Singer-songwriter Ryan Adams has written a lengthy apology for his past behaviour, a year after he faced allegations of sexual misconduct.
“There are no words to express how bad I feel about the ways I’ve mistreated people through my life and career,” the musician said in open letter.
“All I can say is that I’m sorry.”
Last year, seven women told the New York Times that Adams had offered to help them with their careers before things became sexual.
One of them, identified only as “Ava”, showed reporters more than 3,000 explicit texts she said she exchanged with the star when she was 15 and 16.
The story also contained accusations of psychological abuse from the musician’s former wife, Mandy Moore, who told the paper: “Music was a point of control for him.”
Adams’ initial response was to threaten legal action, in a tweet that said the newspaper was “going down”.
He quickly deleted that message and apologised to anyone he had hurt, “however unintentionally”; while his lawyer said Adams “unequivocally” denied exchanging inappropriate messages with someone he knew to be underage.
Adams said his new apology was prompted by an extended “period of isolation and reflection” during lockdown.
“I’ve gotten past the point where I would be apologising just for the sake of being let off the hook and I know full well that any apology from me probably won’t be accepted by those I’ve hurt,” he wrote, in a letter published by the Daily Mail.
“I get that and I also understand that there’s no going back.”
He acknowledged that many people would view his statement as “the same empty apology” he’d used in the past but added, “this time it’s different”.
“Having truly realized the harm that I’ve caused, it wrecked me, and I’m still reeling from the ripples of devastating effects that my actions triggered.
“No amount of growth will ever take away the suffering I had caused,” he continued. “I will never be off the hook and I am fully accountable for my harmful behaviour, and will be for my actions moving forward.”
Adams also said he was trying to give up alcohol.
“In my effort to be a better man, I have fought to get sober, but this time I’m doing it with professional help,” he wrote.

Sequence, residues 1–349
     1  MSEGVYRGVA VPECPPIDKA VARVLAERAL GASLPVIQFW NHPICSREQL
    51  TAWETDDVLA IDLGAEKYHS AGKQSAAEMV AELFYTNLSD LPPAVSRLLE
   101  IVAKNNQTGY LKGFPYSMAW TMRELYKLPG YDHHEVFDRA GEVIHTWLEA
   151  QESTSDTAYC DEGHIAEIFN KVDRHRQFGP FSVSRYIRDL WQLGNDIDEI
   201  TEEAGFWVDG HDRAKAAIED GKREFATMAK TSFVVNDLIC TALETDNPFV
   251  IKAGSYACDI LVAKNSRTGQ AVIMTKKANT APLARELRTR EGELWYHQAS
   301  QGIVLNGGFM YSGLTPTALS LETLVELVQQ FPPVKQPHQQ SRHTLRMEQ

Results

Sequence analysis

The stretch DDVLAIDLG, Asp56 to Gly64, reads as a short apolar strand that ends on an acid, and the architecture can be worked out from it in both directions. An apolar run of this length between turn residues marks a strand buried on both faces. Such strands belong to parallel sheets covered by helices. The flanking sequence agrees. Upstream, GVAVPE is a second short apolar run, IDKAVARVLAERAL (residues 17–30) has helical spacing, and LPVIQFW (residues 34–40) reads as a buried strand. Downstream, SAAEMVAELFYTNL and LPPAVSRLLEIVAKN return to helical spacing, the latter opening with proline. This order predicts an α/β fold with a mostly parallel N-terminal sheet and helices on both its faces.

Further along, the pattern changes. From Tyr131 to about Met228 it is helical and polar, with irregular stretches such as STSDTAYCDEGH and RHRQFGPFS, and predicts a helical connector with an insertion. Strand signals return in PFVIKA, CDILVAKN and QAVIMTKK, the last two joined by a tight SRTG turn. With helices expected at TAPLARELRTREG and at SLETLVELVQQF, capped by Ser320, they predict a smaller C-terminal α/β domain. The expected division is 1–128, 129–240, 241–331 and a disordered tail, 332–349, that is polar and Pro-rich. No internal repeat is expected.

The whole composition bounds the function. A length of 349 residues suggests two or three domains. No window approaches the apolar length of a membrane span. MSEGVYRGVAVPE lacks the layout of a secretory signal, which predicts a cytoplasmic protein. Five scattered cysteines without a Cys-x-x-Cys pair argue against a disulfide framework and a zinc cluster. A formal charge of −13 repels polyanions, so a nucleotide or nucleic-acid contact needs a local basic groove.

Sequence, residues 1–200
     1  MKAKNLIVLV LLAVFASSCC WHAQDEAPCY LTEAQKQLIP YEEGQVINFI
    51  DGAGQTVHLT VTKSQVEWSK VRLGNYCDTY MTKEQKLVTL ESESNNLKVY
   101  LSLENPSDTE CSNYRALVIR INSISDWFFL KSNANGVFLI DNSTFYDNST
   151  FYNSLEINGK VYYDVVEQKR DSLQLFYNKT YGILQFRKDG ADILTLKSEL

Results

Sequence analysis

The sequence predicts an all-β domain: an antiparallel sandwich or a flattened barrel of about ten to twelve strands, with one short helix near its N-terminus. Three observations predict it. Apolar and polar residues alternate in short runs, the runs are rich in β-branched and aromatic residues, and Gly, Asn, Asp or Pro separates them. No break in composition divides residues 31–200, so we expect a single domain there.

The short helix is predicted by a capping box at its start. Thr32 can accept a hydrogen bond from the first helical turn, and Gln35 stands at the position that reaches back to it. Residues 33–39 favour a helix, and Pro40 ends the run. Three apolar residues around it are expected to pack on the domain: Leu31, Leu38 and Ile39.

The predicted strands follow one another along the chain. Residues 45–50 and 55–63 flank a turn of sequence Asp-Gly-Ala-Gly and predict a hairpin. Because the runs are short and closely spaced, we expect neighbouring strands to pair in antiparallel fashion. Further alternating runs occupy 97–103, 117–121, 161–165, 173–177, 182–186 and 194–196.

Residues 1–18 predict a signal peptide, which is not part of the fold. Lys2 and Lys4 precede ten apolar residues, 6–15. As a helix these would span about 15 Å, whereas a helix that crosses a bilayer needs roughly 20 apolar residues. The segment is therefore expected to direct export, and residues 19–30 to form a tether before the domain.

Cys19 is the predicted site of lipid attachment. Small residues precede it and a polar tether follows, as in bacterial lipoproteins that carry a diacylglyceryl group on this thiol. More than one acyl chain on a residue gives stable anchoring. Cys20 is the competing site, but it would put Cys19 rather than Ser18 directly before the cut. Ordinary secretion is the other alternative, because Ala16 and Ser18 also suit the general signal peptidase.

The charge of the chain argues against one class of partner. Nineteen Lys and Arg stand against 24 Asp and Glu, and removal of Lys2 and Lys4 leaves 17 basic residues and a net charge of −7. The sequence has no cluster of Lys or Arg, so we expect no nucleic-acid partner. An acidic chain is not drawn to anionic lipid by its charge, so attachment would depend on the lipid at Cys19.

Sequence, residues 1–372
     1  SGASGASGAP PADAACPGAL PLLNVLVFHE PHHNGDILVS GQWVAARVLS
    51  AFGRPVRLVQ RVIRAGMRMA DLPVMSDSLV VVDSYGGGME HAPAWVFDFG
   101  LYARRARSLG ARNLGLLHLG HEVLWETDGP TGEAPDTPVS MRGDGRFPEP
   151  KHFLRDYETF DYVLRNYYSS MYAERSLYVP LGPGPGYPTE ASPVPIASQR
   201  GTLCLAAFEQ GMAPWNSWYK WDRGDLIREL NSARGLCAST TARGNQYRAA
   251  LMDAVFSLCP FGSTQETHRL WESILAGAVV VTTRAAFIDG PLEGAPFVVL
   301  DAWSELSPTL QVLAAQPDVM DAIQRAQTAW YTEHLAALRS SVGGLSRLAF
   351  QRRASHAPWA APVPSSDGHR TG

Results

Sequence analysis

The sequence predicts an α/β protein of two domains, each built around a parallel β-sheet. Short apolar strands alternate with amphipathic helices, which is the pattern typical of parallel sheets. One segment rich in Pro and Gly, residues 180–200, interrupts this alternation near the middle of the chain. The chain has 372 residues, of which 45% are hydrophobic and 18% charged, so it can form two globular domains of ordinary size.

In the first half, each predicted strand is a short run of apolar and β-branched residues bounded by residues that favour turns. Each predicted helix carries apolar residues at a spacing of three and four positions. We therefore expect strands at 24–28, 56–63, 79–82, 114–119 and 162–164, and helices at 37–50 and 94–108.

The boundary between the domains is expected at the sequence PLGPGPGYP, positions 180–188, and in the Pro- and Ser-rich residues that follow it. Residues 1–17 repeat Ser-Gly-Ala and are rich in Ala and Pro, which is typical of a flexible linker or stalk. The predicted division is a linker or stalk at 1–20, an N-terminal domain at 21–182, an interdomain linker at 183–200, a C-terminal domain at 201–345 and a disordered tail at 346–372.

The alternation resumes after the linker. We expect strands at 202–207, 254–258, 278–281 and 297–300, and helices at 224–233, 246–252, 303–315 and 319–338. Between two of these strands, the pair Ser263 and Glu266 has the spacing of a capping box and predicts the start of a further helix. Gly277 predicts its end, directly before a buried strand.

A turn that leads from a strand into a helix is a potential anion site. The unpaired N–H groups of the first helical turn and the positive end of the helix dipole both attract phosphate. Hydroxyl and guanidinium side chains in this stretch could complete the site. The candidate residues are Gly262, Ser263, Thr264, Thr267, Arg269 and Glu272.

“Sobriety is a priority in my life, and so is my mental health. These, as I’m learning, go hand in hand.”
“I hope that the people I’ve hurt will heal,” he concluded. “And I hope that they will find a way to forgive me.”
However, Mandy Moore said she was surprised by Adams’ public apology, because she had never received one in person.
“It’s challenging because I feel like in many ways I’ve said all I want to say about him and that situation, but I find it curious that someone would make a public apology but not do it privately,” she told NBC’s Today programme.
“I am speaking for myself, but I have not heard from him, and I’m not looking for an apology necessarily, but I do find it curious that someone would do an interview about it without actually making amends privately.”
Her comments were echoed by Courtney Jaye, who appeared in the New York Times story last year, and model / actress Karen Elson, who subsequently described a “traumatising experience” with Adams.
In a series of tweets, Elson said that while she “believe[s] in redemption and amends even for him,” Adams “has not reached out to me since 2018 to apologise for his terrible behaviour.”
“In fact back then he called me a liar which added more pain and made me disillusioned with the entire music industry,” she added.
“I would like to hope he would contact women he has hurt via his representatives to apologise privately and give us the opportunity to speak our truth on all the ways his actions caused suffering and for him to listen and try to make amends.”
A prolific and mercurial musician, Adams received multiple Grammy nominations for his second album Gold, and reached the UK Top 10 with the records Ashes & Fire, Prisoner and the self-titled Ryan Adams.
He has worked with rock legends including Willie Nelson and Elton John, who dubbed him the “fabulous one”, and famously covered Taylor Swift’s album 1989 in full, putting a country-Americana twist on her big pop statement.
After the allegations against him surfaced last year, Blue Note cancelled the release of Adams’ 18th album Big Colors. He has not released any new music since.